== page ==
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More curious home theater newbies are looking to speaker sensitivity as well. This is not a wrong thing to do, but a wiser move. So, is higher or lower speaker sensitivity better?
At A Glance: As a general rule of thumb, if you want to save the power and electricity bill then higher sensitivity speakers are better, but if you live near neighbors and want to keep the noise low then lower sensitivity speakers are better.
Keep reading as we will be discussing much more related stuff and this argument in detail. Also, this is my first guide on this blog that will explain the main point in the second heading because the topic needs clarification. Don’t forget to download the sensitivity chart at the bottom.
What does sensitivity mean to a speaker?
In-Short: The sensitivity of the speaker is defined when we pass a 1-watt power to the speaker and pump a specific dB of sound at 1 meter. That dB number will be its sensitivity.
In-Depth: The sensitivity is measured as 87dB @ 1w/m. This can be pronounced as 87 decibels of sound at 1 watt at a distance of 1 meter.
It means that. When we transfer 1-watt power to the speaker and hold an SPL meter at a distance of one meter to the speaker and that meter shows any amount of dB. That dB is said to be the speaker’s sensitivity.
There are different sensitivities of speakers. Some are lower and some are higher sensitivity speakers. The sensitivity is relative to another speaker’s sensitivity.
For example: If a speaker throws 85 dB at one 1 watt and another 89 dB at the same watt. The 89 dB speaker has a higher sensitivity as compared to the 85 dB.
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Is speaker sensitivity higher or lower, better? (Detail Explanation)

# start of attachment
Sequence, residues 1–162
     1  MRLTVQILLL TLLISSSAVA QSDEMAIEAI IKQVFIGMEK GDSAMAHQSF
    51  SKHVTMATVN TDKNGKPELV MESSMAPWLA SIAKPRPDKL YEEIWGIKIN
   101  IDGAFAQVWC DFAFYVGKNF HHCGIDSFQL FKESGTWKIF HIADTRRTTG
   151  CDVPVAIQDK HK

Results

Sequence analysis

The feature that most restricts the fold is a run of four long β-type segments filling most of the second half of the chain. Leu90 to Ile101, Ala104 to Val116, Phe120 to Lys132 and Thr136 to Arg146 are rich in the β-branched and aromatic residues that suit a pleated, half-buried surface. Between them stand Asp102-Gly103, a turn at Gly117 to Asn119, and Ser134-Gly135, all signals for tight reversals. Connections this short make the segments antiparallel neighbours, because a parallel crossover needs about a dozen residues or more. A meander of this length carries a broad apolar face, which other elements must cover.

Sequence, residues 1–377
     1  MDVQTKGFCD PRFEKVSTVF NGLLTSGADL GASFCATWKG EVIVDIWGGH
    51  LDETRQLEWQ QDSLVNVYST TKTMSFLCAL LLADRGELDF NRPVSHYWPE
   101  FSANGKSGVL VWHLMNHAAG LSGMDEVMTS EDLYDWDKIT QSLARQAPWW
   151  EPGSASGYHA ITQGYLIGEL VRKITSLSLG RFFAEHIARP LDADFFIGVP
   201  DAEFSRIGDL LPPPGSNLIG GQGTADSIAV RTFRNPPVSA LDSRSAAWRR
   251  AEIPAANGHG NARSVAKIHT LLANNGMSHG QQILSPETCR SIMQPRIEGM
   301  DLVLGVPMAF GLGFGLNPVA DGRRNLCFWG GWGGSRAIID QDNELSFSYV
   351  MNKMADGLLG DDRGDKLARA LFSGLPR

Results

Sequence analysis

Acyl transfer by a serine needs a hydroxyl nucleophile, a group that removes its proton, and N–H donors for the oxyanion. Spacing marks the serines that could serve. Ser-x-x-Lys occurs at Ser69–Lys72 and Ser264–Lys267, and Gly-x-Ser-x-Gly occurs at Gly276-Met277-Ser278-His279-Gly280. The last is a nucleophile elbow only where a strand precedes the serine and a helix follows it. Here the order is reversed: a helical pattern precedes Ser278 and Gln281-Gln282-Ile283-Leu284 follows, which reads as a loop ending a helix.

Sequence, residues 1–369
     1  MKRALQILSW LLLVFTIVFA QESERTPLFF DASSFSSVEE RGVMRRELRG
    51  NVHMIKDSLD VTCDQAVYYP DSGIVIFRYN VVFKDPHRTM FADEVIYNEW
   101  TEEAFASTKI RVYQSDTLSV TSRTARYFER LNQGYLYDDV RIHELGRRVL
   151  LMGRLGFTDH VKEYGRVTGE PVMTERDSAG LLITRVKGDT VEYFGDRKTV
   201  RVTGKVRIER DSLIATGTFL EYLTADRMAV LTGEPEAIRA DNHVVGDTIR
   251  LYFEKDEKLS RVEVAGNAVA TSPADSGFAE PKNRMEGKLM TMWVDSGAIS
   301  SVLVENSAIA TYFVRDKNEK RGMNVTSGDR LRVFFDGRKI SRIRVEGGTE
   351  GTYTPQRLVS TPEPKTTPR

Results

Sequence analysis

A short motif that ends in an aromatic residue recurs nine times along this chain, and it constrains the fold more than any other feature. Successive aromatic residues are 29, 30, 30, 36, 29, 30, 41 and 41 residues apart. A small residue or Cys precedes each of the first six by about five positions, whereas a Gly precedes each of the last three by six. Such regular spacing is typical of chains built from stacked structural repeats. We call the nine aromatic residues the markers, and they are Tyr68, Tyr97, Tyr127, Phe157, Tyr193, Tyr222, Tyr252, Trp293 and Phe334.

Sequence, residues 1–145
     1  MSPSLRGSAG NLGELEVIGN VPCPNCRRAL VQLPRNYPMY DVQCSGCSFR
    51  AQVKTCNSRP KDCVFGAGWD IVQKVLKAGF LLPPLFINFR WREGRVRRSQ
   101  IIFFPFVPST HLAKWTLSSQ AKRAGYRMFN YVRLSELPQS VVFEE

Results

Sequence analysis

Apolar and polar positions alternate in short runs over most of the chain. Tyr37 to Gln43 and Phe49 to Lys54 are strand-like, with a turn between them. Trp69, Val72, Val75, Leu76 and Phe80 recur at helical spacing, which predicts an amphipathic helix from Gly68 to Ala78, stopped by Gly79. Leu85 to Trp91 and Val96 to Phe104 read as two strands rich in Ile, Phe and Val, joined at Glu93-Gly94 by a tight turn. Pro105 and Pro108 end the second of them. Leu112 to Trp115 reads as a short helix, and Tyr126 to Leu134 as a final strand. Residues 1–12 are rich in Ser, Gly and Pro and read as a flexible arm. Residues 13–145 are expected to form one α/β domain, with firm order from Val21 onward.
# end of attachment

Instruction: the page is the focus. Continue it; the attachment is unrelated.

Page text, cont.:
The lower and higher both are better when looking at each case separately.
Case#1 Higher is better
The higher sensitivity is better for the home theater purpose. Because here you need to save the power consumption and have an accurate dB level with the usage of small numbers of speakers.
To have the best home theater experience, you need to get 75 dB of sound from all the speakers in your seating area. The seating area may be more than 1 meter because the 1 meter which is used for definition is just a standard. You can sit at any distance.
The dB level changes with the distance. The longer the distance, the lower the dB will be. That’s why you don’t install a lot of speakers all around you to achieve the 75 dB.
A small arrangement of 5.1 speakers will help you achieve that recommended 75 dB at your seating area on very low power consumption.
We tend to use the home theater system a lot, especially during this pandemic. This higher sensitivity will help you to save on your electricity bill because you can have loud sounds with less power consumption.